This is a sponsored post in partnership with Kaiser Permanente.
This month we spoke with Dr. Clifford from our local Kaiser Permanente office and asked him to share with us his favorite tips for healthy travel. He shared with us some things to look out for when staying in a hotel, how to come back from a trip without feeling ill, and what is the number one thing we need to look out for when traveling to a different time zone.
Ask a Kaiser Permanente Doctor: Healthy Travel
Last year we took a road trip on the other side of the country and I found myself packing less than usual because I knew that I could pick up whatever I needed on the road. Turns out, the one thing we needed ASAP was the most basic of all – a first aid kit. Dr. Clifford suggests packing a basic first aid kit (the kind in the travel section is fine), and I would also add that you should include moleskin for blisters (you’ll be walking a lot), aloe gel for those days where you forget to reapply sunscreen and an extra pair of eyeglasses, if needed. I would also throw in there some individually packaged antiseptic wipes and boogie wipes.
It’s a given that your ears will pop when you fly, but you can lessen the impact with some snacks. Dr. Clifford suggests packing chewy snacks like gum, Skittles and gummies. The old trick of opening your jaw will also help to reduce sinus pressure.
If you’re traveling with kids who have allergies, be mindful of their medication and make sure to pack it in your handbag or backpack (the one that IS NOT checked). And whichever medication they do use on the plane, make sure that it’s one that they’ve had before so you know how they’ll react to it before they take the medicine.
Dr. Clifford also reminds us that it’s less about what is in the air, and more on what you touch. So make sure to pack wipes and disinfectant and use liberally. I’ve personally seen flight attendants wiping down seats, armrests, TV screen and the meal tray before sitting down. Clearly they know something we don’t know.
When you’re flying to your destination, make sure that you also have a printed copy of your medication and pack anything that you have previsouly been prescribed. You don’t always know that your current prescription will be available at your destination.
When you’re traveling abroad, check the CDC website for recommendations on any extra immunizations. Their website has the most up-to-date information and you’ll be able to easily decipher what it is you need. Also? Don’t wait until the week before your trip to do this. And if you’re thinking that you’ll just take in some extra vitamins to build up your immune system, you can – but it’s not a guarantee that you’ll be able to avoid whatever virus you may be able to prevent with an immunization.
Believe it or not, Dr. Clifford tell us that one of the most common body parts to get an infection are your eyes. Take care not to rub your eyes (or your face) so as not to spread germs. And pack some eyedrops to deal with dry eyes, as needed.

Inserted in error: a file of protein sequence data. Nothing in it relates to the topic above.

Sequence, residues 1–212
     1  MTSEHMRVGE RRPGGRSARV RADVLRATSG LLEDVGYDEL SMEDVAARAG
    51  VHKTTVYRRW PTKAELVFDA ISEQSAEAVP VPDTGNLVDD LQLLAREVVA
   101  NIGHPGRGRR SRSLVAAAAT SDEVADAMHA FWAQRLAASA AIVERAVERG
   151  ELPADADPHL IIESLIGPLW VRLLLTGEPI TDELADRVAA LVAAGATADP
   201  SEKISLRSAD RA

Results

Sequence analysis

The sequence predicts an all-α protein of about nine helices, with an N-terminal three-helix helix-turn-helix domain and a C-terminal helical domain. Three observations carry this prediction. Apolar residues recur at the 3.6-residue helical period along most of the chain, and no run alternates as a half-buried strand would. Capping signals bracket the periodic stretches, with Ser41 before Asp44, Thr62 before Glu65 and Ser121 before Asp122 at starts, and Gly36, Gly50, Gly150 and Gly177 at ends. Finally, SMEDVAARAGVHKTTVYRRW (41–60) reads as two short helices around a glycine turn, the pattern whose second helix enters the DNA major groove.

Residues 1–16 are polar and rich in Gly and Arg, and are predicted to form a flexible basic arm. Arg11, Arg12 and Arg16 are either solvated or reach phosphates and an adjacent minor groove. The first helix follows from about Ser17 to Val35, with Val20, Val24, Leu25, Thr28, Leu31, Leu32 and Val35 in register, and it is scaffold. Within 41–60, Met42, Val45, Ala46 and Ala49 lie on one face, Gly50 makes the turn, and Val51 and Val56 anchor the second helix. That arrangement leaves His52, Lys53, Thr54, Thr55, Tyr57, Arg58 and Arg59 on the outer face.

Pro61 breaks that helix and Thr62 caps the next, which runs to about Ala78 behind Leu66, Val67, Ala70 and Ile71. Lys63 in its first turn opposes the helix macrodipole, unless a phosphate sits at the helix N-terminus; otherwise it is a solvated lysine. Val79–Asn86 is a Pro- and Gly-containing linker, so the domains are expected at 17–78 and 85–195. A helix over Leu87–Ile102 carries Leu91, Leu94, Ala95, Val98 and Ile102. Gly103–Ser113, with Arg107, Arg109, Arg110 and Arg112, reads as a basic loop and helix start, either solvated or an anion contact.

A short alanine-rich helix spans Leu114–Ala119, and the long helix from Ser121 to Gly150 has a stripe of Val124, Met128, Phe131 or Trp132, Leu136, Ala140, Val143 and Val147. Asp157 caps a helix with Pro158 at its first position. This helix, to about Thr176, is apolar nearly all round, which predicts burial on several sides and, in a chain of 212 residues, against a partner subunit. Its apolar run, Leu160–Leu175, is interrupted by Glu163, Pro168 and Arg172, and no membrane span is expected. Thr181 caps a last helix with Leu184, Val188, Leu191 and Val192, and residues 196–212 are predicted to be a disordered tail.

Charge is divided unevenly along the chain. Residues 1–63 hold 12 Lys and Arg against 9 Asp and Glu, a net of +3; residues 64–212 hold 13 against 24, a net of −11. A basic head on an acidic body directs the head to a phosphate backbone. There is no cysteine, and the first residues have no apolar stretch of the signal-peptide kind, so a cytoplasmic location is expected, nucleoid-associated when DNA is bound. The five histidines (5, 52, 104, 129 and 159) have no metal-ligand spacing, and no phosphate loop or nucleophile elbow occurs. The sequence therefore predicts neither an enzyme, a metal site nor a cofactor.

Most families will stay in a hotel when traveling (or some sort of variation of it). Dr. Clifford reminds us of a few basic rules to follow when we’re staying in hotels:
Watch your kids while they’re in the pool. Just like at home, it’s always best to keep an eye on them (even if they do know how to swim).
Once inside your hotel room, inspect your room for bed bugs both under the bed and on the sheets. You can even go as far as calling up housekeeping and asking them to change sheets while under your direct observation. It also doesn’t hurt to bring your own pillows and/or invest in hypo-allergenic travel case.
If you know that you’ll be staying in a hotel room, bring your own cup so you don’t have to use what the hotel has in stock. Also, pack flip flops for the shower and wear your shoes inside the hotel room. Dr. Clifford also suggests bringing Clorox wipes and using them liberally. Wipe down the remote control, the telephone, the light switches, the door knobs… everything.
When we travel we tend to pack our schedule from the moment that we wake up, to the minute we hit the pillow. It’s understandable, you want to be able to get the most out of your trip as possible. Here’s the thing, when you get home you find yourself lethargic and feeling like you’re coming down with something. The truth is, it’s more than likely not an illness from travel, but more from lack of rest. When we travel, we neglect sleep and it eventually catches up to us. Make sure to get enough sleep, eat appropriately, drink a lot of water and take care of your physical state so that you’re not feeling like you need a vacation from your vacation.
If you’re a Kaiser Permanente member, I would also suggest you download the KP app so you can access “My Health Manager” on the go. The convenience of a medical online portal comes in handy, especially with busy lifestyles!
We thank Dr. Clifford from Kaiser Permanente for taking the time to talk with us and sharing these super useful healthy travel tips!